On the Scene
Friday, August 5, 2005
ROY KNOWS GOOD UKULELES:
Roy Sakuma, left, congratulated KoAloha Ukulele founder Alvin "Papa" Okami on Monday as the Okami family hosted the KoAloha Ukulele 10th Anniversary party at Jay Restaurant at the Willows. Many of Hawaii's leading ukulele players were invited, and guests who didn't make the mistake of leaving prematurely enjoyed performances by Daniel Ho, Herb Ohta Jr., Raiatea Helm, Melveen Leed, Brittni Paiva, David Kamakahi and James Hill (Hill, in from Canada for Sakuma's 35th Annual Ukulele Festival, has an endorsement deal with G-String Ukuleles and got some kidding about playing a KoAloha when he was called up). Sakuma said he never plays "except when I'm teaching," but thrilled the crowd with a crisp rendition of "Misty" after he was given a new KoAloha in appreciation of his support.(The first KoAloha ukuleles were fully functional miniatures. Sakuma encouraged Okami to make full-scale models and helped promote the instruments). James Ingram and Jon Yamasato also stopped by.
YES, IT'S REAL!:
Braddah Sam Langi played a miniature KoAloha that was on display in the back of the restaurant.
THEY'RE BOTH SELF-TAUGHT MUSICIANS:
David Kamakahi, left, talked with Gordon Mark before the formal program started.
James Hill, second from left, was welcomed by David "Davey D" Daniel's of KCCN/FM100, left, Daniel Ho and Herb Ohta Jr. All four wore blue jeans to the party. Daniel's' name tag lacked the apostrophe he uses, but that was soon corrected.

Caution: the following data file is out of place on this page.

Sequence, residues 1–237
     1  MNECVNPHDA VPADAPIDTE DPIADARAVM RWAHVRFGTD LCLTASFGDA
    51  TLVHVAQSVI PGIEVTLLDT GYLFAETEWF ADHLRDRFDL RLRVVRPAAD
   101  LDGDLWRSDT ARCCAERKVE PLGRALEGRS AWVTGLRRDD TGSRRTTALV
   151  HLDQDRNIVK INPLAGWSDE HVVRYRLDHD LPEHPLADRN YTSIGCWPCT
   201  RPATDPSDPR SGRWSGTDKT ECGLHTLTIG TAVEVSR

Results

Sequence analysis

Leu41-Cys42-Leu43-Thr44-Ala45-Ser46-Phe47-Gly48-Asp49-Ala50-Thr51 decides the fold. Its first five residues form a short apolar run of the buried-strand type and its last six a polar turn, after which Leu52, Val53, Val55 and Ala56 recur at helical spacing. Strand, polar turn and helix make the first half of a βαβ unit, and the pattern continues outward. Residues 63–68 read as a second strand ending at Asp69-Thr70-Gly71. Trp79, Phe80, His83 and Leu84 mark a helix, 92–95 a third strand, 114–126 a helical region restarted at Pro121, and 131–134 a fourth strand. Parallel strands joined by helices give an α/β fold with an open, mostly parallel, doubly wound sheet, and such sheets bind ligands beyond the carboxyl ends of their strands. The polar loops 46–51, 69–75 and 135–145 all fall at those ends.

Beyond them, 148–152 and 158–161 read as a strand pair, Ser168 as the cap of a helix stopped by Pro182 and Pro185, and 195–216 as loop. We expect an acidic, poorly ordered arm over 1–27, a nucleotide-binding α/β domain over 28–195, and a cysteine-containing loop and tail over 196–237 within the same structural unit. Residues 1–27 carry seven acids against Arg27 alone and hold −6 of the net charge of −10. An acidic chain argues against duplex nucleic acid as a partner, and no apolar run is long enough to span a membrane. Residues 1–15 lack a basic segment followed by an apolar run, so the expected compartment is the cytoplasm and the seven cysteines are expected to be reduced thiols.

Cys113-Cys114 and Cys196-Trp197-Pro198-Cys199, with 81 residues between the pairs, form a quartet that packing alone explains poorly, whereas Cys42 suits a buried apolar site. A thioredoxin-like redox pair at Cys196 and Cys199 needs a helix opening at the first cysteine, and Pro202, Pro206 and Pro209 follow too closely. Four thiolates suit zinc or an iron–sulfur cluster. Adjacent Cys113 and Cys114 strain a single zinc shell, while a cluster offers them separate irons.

DAVE GETS DOWN:
Hawaii radio veteran Dave Lancaster, morning guy at 95.5 The Fish, tried out a KoAloha six-string before the buffet lines opened. Lancaster said the new instrument is perfect for guitarists who want to try playing an ukulele but don't want to give up two strings.
GREAT PARTY, GUYS!:
KoAloha executives Alan Okami, left, and his brother, Paul, were all smiles as the party rocked on. Both teared up while thanking their parents and some of the people who have supported the company. The two gave their parents matching ukuleles. Paul surprised Alan with a new one, too.
"THREE GIRLS FROM MOLOKAI":
Raiatea Helm, left, introduced her cousin, Charice Kaahanui, center, to Melveen Leed as they checked out the instruments on display. Leed sat in later with David Kamakahi and Kawika Kahiapo. Helm's falsetto set was another highlight. There was so much great music the party ran 90 minutes overtime.
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